Wednesday Lensday: Love, of KAWS

Wednesday Lensday: Love, of KAWS

Last weekend, we ventured out into the Spring sunshine and visited Yorkshire Sculpture Park, in Wakefield. The 500 acre estate is home to many permanent sculptures by the likes of Andy Goldsworthy, William Pye and Dame Barbara Hepworth.

It also houses transient installations, such as their current exhibition by American artist KAWS. This is the first UK museum exhibition by him and I’ll admit that I wasn’t aware of his work before we went. However, I loved his quirky characters and marvelled at the sheer size of some of the outdoor structures, which represent nostalgic aspects of growing up.

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I’d stupidly forgotten to take the camera, so all these have been taken on my iPhone. I’ve then had a play around with them, bleeding out the background in order to give them an other-worldly feel.

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State of Mind: Reflective Serenity

State of Mind: Reflective Serenity

When I saw the prompt for this week’s Daily Post photo challenge, I decided to share one of my earlier galleries, ‘Areas of Sanctity‘. The theme this week is State of Mind and what with nostalgically looking back over my youth with my post on childhood TV, it immediately made me think of reflection as a mindset. Which led me to think of the font in Salisbury Cathedral. I know some of you will have seen this selection before but as I’ve gained quite a few new followers since I first posted it (thank you!), I didn’t think you’d mind it again!


I don’t consider myself to be a religious person, but I have always had a love of churches, holy buildings and graveyards. Not only for the serenity that can be found in their surroundings, but the outstanding architecture that has been lavished upon them in a celebration of some higher order. I’m lucky enough to live near two of the outstanding minsters in the UK, displaying both Medieval and Gothic design in all their glory, and I’m still in awe of how beautiful they are, even after numerous visits.

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Beverley Minster in Yorkshire, UK

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Wednesday Lensday: Sands of TIME

Wednesday Lensday: Sands of TIME

Hello everyone!

This week’s Daily Post Photo Challenge prompts us to look at time. Thinking about all the various connotations of the word led me to our holidays in Portugal.

We are lucky enough to have access to a villa on the Algarve, not far from where they hold an annual, international Sand Festival in Pera. Every year, sand sculptors practise their art based around a specific subject.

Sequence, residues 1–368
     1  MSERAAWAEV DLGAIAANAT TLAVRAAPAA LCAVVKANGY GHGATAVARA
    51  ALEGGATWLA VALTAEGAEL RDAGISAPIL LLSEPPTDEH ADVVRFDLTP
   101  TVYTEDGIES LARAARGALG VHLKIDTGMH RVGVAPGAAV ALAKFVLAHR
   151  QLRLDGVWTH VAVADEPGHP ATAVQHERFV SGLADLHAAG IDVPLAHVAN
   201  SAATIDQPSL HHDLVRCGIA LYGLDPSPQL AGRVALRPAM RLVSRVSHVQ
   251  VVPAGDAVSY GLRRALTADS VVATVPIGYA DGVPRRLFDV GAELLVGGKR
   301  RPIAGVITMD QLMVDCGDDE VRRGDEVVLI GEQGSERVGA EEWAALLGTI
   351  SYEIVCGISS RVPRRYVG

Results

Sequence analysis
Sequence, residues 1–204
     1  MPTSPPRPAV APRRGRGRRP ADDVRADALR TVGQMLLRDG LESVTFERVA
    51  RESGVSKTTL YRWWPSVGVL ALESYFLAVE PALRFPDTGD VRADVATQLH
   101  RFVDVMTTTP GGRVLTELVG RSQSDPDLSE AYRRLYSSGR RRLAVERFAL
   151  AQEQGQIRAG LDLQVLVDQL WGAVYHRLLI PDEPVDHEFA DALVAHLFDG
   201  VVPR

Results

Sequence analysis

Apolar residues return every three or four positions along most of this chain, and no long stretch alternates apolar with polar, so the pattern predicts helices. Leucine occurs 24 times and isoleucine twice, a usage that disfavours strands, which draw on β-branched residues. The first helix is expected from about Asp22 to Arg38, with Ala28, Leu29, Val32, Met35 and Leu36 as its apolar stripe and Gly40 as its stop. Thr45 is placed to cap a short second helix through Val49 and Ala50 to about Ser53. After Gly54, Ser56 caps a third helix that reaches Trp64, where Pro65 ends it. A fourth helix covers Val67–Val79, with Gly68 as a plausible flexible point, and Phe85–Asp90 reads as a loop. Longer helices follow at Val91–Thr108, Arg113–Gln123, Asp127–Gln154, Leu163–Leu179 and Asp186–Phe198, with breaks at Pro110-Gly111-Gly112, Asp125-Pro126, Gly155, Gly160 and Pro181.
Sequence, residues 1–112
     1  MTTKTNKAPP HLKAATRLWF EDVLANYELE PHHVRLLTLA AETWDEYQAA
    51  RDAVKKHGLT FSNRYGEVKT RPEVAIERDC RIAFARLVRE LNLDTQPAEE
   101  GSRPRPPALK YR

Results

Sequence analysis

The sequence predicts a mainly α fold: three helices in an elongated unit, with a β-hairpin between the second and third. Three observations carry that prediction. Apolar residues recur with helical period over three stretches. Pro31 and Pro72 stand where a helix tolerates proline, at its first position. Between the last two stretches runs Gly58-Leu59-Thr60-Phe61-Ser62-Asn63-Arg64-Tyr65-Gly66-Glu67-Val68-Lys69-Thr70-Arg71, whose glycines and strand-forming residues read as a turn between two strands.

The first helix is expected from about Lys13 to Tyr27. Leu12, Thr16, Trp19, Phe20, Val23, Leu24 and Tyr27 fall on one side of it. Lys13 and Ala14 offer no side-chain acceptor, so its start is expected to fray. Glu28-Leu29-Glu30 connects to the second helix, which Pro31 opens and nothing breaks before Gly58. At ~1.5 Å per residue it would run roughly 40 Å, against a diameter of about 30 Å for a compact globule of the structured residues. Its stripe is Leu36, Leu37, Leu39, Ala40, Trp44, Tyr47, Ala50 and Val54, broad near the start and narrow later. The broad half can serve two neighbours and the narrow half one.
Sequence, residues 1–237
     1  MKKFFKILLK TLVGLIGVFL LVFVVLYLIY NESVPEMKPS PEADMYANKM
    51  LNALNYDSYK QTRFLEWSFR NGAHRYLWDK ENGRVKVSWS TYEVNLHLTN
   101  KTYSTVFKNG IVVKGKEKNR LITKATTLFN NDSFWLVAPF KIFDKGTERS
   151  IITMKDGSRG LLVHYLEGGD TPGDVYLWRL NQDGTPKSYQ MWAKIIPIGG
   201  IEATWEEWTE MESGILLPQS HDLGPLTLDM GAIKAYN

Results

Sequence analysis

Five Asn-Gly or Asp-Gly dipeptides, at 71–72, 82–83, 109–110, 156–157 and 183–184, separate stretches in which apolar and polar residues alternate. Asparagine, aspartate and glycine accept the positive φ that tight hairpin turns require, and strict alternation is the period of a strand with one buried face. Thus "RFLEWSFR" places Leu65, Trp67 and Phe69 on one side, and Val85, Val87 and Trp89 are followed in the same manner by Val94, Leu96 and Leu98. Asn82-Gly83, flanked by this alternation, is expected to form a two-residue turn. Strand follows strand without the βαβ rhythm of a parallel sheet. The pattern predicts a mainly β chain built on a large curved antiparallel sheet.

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The year we visited, the theme was Idols. From explorers, to religious leaders, musicians to stars of stage and screen, the detail and size (some over 12 metres high) was incredible, all created out of approximately 40,000 tonnes of sand. The exhibition only runs for a few months, after which, just like the tide washing away a child’s castle, the bulldozers raze it to the ground, ready for the next year.

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Round, round, get ‘a round’

Round, round, get ‘a round’

I’m a big fan of curves. I love the smooth, undulating lines of a meandering river, the spirals of a ringlet, the curl of a dozing cat.

And as geometric shapes go, a simple circle can often be the most striking, synonymous with completion, ending and beginnings, with life.

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So, in response to the Daily Post’s photo challenge, here are a few images from my collection of circles and curves, snapped as I’ve been out and about and getting ‘a round’!

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Gallery

Void of Rainbows 4: Areas of Sanctity

I don’t consider myself to be a religious person, but I have always had a love of churches, holy buildings and graveyards. Not only for the serenity that can be found in their surroundings, but the outstanding architecture that has been lavished upon them in a celebration of some higher order. I’m lucky enough to live near two of the outstanding minsters in the UK, displaying both Medieval and Gothic design in all their glory, and I’m still in awe of how beautiful they are, even after numerous visits.

IMG_3002
Beverley Minster in Yorkshire, UK

Read more